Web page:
By on March 13, 2019

Volkswagen Group just announced a restructuring plan aimed at raising the company’s operating margin to 6 percent. Unfortunately, the strategy involves a staffing reduction of up to 7,000 individuals by 2023 — with the automaker saving an estimated 5.9 billion euros in the process.

While legitimate layoffs aren’t expected to take place for at least a few more years, VW claims the “automation of routine tasks” will make the jobs unnecessary, adding that the staffing cuts could be done by simply not replacing employees who take an early retirement package. 

“The potential number of employees born during the next three defined periods eligible for partial retirement totals about 11,000,” the company said in a release. “Restructuring along the demographic curve is therefore possible. At the same time some 2,000 new jobs are to be created in Technical Development, which relates to electronics architecture and software. With regard to all measures, Volkswagen has given its workforce a job security guarantee until at least 2025.”

With a slimmer staff, reduced complexity and material costs, and increased digitization, VW claims its restructuring program should begin achieving the desired results by the end of this year.

“We have already achieved a great deal with the pact for the future: but there is still much more to do if we are to manage the challenges facing us beyond 2020 as well,” said VW COO Ralf Brandstätter. “We will significantly step up the pace of our transformation so as to make Volkswagen fit for the electric and digital era. Volkswagen is to become more efficient and agile and a more attractive and modern employer, especially in administration. Initial constructive talks with the Works Council on the planned implementation of the digitalization roadmap in the administrative areas of the company have already taken place.”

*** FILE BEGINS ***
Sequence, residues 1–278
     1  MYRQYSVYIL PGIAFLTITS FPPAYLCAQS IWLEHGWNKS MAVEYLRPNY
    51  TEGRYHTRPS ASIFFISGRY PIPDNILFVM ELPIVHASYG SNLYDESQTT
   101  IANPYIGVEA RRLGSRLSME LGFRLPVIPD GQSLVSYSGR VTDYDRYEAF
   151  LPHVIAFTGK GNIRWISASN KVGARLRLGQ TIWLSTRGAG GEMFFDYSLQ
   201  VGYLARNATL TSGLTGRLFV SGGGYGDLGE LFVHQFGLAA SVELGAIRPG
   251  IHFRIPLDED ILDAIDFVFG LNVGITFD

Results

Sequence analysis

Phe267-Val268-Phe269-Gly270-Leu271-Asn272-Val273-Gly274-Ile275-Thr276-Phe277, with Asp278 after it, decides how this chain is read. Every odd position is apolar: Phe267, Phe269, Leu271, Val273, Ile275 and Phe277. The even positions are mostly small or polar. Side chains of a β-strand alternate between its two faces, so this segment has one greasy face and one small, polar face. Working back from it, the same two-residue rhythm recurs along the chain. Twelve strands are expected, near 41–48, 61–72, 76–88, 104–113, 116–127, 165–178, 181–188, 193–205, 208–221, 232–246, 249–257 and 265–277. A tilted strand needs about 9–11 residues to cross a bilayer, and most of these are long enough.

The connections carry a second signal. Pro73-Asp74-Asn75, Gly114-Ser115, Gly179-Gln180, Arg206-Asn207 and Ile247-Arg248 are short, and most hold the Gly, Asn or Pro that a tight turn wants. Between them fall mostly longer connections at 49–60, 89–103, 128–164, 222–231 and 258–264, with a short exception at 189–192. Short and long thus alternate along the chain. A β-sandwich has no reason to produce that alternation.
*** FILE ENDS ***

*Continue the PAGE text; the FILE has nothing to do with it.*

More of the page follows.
Ah, electrification. While almost everyone agrees there’s another recession looming on the horizon, most automakers’ restructuring plans revolve around prepping for mobility projects — not enduring a less-friendly economy. However, Volkswagen has been working on this strategy for a while. The automaker signed a labor pact in 2016, defining a pathway to generate 3 billion euros in annual savings while cutting 30,000 jobs. Impressively, it’s managed to come within 600,000 euros of its annual goal without having to eliminate that many positions.

This year, VW hopes to see revenue growth of as much as 5 percent and a return on sales of between 4 percent and 5 percent. Meanwhile, it intends to earmark 19 billion euros for investment in future technologies through 2023.

[Image: Volkswagen]


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